Image Digitization: Quality and Costs, Franziska Frey, Rochester Institute of Technology
Archival scans/digital masters should be of the highest quality that an institution can afford to create and maintain. These scans should not be processed for any specific output, should not be compressed (or if they are compressed, should be done so in a lossless format) and should be reviewed intensively for quality.
The handling of original objects during the scanning process is of major concern as improper handling is the greatest cause of damage to library and archive materials. Scanning should be conducted in large clean areas and technicians should be thoroughly trained. Objects may be damaged by excessive heat and light, so scanning areas should be adequately cooled with ambient- and scanning equipment-light reduced to a minimum.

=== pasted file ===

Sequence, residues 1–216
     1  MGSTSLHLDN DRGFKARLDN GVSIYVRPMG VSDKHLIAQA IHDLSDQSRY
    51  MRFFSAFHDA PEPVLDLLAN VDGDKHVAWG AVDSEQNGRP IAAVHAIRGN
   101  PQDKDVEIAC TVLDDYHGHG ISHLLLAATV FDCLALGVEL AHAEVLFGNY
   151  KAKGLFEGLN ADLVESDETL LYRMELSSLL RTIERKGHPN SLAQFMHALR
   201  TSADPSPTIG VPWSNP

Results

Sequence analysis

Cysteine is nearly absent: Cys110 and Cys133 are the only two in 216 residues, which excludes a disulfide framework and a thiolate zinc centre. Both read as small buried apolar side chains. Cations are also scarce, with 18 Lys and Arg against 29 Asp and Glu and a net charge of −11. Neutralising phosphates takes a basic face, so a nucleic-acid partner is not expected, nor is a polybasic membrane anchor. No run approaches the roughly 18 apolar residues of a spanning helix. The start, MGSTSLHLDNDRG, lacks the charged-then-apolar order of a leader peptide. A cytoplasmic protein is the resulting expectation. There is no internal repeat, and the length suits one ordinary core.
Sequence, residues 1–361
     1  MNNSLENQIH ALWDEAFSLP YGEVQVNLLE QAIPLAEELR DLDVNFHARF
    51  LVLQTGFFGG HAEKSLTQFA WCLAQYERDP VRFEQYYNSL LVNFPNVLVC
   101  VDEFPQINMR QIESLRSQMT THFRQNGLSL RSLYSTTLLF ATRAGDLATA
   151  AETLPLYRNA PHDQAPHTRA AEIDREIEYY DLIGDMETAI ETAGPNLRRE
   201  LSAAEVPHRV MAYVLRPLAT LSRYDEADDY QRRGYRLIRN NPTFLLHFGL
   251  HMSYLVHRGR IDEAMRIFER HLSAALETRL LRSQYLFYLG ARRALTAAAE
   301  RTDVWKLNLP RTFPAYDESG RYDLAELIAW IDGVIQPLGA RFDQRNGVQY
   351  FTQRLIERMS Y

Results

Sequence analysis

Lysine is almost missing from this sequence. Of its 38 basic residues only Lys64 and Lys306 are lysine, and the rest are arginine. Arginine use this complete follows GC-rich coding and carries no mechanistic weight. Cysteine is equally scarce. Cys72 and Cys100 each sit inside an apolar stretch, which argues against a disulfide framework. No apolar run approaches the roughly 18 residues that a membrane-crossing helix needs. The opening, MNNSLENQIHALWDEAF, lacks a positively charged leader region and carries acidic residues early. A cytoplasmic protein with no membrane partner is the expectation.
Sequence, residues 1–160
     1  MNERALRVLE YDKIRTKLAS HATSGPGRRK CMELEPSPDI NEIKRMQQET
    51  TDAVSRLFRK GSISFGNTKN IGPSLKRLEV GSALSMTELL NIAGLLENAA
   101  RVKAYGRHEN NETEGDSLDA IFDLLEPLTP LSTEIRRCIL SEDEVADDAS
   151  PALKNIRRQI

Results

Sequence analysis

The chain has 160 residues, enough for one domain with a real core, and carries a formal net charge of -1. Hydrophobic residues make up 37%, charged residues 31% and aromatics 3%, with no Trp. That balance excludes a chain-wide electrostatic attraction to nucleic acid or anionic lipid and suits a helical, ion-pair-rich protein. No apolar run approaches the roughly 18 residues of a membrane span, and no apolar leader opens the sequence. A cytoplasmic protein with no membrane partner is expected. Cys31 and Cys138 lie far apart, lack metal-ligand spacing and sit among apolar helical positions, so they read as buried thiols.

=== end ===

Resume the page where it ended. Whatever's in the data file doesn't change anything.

The primary goal of scanning images is to digitally render the photographer’s intent. Careful characterization of scanning hardware and software is important to maintain consistency in scanning. For example, all monitors used in the scanning process should be set to 24 bits, with a Gamma setting of 2.2 (1.8) and color temperature of 6500° K. Similarly, printers and viewing environments need to be calibrated for the quality control process. Subjective quality control includes checks for visual sharpness, laterally reversed images, dirt, skew and image completeness.
Image quality metrics include tone reproduction, spatial resolution, color reproduction, noise and artifacts.
Conversion of images into digital form will comprise 1/3 of the initial cost of one’s project, with cataloging/description/indexing accounting for 2/3 of initial cost. Ongoing costs include infrastructure and the migration of media and file formats from one form to another. Costs may sometimes be lessened through cooperative efforts and/or outsourcing of certain scanning processes.